Monday, October 31, 2011

The road of despair for the Kochi Jews

By Shevlin Sebastian

Photo: Josephhai Sam Abraham next to the Star of David symbol at his home in Kochi

The Jews of Kochi are a worried lot. They have a one-acre cemetery, on the Kathrakadavu-Pullepady road. “However, the Cochin Corporation has plans to broaden the road,” says Josephhai Sam Abraham, the president of the Association of Kerala Jews.

According to Jewish religious law, once a person is buried, the grave cannot be disturbed ever again. So the Jews are anxious about whether the authorities will insist that they give up their cemetery. “Many tombs will be disturbed,” says Josephhai. “We are going to appeal to Chief Minister Oommen Chandy to intervene in the matter.” The community is also taking the help of the Israeli consulate in Mumbai and the embassy in Delhi.

Meanwhile, Saumini Jain, the chairperson of the Works Standing Committee of the Cochin Corporation, says, “We respect the religious feelings of the Jewish community, but we also have to consider the needs of the wider public. The enlargement of the road is vital for a smooth traffic flow, and it will benefit the entire city of Kochi.”

Another source of anxiety for the Jews is the misconception that the community is down to nine people. “This is not true,” says a member, Babu Elias. “In fact, the nine people are the Mattancherry Jews. And they are all indeed in their seventies and eighties.” But there is also a small, thriving Jewish community of about 40 people who stay in Kochi, Aluva, and North Paravur.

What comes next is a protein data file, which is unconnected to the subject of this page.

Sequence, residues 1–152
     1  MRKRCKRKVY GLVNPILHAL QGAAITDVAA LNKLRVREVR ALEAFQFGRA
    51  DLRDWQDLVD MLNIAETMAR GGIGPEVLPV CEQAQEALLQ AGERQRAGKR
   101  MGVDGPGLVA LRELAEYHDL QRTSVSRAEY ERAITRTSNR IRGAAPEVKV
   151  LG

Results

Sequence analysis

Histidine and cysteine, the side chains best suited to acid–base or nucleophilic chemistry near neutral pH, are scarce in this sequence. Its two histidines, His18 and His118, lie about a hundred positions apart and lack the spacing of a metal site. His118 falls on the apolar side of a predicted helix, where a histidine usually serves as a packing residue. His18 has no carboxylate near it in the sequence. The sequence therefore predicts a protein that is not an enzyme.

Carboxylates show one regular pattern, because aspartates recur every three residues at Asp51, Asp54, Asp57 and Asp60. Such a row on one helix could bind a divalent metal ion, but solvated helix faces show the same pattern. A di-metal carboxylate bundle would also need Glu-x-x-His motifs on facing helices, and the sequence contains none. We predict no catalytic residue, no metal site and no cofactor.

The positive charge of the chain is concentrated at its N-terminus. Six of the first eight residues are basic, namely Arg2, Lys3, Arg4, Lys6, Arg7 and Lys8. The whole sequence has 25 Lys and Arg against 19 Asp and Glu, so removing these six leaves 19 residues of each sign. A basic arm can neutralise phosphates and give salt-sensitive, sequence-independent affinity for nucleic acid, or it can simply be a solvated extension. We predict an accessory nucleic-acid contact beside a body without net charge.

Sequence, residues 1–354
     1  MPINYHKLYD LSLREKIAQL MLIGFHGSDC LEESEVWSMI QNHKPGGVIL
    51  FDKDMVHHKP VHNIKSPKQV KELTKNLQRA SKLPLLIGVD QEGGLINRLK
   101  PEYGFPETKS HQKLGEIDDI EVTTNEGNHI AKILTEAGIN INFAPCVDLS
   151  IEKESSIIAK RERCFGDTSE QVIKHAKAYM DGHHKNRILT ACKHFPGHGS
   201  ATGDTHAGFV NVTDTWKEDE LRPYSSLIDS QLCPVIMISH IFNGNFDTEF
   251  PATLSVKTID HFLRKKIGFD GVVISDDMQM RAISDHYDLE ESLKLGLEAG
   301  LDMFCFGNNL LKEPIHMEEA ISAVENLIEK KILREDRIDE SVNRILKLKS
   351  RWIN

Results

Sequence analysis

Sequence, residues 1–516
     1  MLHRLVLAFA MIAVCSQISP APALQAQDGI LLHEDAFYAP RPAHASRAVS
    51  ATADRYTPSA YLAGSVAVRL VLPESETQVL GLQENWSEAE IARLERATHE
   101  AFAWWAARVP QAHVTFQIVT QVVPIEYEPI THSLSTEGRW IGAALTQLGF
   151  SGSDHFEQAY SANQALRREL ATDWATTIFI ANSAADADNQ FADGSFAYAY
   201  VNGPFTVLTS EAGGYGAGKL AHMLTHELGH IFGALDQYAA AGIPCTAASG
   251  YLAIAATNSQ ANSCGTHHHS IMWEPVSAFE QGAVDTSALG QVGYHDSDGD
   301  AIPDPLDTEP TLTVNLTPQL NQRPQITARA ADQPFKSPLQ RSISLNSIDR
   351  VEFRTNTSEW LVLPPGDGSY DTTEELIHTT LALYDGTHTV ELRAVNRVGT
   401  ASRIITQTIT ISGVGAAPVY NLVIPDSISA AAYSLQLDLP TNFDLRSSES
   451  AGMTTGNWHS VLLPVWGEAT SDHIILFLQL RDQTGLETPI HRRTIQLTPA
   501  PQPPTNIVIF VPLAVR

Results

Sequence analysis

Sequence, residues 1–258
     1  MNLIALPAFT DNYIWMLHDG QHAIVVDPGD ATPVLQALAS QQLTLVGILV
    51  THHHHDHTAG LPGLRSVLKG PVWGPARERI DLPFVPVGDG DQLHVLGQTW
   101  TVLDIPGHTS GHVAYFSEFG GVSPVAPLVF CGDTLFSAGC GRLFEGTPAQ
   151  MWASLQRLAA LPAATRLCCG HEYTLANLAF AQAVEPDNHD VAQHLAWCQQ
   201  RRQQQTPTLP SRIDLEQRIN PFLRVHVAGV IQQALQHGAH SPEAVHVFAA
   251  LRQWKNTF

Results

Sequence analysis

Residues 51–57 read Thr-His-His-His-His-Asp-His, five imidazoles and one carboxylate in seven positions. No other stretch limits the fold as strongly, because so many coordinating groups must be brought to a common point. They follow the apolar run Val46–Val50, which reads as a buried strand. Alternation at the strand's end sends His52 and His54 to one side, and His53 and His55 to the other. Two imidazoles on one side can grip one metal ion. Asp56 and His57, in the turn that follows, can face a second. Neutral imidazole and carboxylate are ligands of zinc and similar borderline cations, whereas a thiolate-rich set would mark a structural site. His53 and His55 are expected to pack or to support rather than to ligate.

“There are young couples who have small children,” says Babu. Most of the youngsters are computer engineers, doctors, marketing and IT professionals.

The state government has allotted one seat in medicine and engineering in every alternative year to the Jewish community. “This will be very helpful for us,” says Josephhai. “But since the perception is that we are only a handful, there is a danger of the quota being withdrawn. In reality, we have eight youngsters, all below twenty years of age.”

What is of pride for the community is that they have not asked for any other help from the state government. “By the grace of God, all of us are doing well,” says Josephhai, a businessman.

Meanwhile, the new generation has the option of staying or migrating to Israel. “This is an individual decision and we will never interfere with it,” says Josephhai. Incidentally, Josephhai lived for 14 years in Jerusalem, before he returned to Kochi in 1986. “I missed Kerala and India,” he says.

On the other hand, his son, Solomon, 29, has migrated to Israel with his wife, Susan, a Bene Israeli Jew from Mumbai one year ago. “I accepted their decision gracefully, and they are happy there, although I am sure they will miss India also,” says Josephhai.

(The New Indian Express, Kerala)